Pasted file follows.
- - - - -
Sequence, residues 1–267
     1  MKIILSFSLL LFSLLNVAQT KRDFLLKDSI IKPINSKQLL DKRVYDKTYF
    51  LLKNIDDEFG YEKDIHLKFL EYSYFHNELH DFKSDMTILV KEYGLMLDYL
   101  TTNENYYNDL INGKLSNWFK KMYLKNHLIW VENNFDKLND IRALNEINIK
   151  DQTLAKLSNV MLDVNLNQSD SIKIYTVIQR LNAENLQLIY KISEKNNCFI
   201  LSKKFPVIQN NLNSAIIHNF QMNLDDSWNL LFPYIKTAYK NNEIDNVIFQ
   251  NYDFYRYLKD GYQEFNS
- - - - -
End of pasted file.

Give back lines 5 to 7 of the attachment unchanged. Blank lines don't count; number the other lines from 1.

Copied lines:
   151  DQTLAKLSNV MLDVNLNQSD SIKIYTVIQR LNAENLQLIY KISEKNNCFI
   201  LSKKFPVIQN NLNSAIIHNF QMNLDDSWNL LFPYIKTAYK NNEIDNVIFQ
   251  NYDFYRYLKD GYQEFNS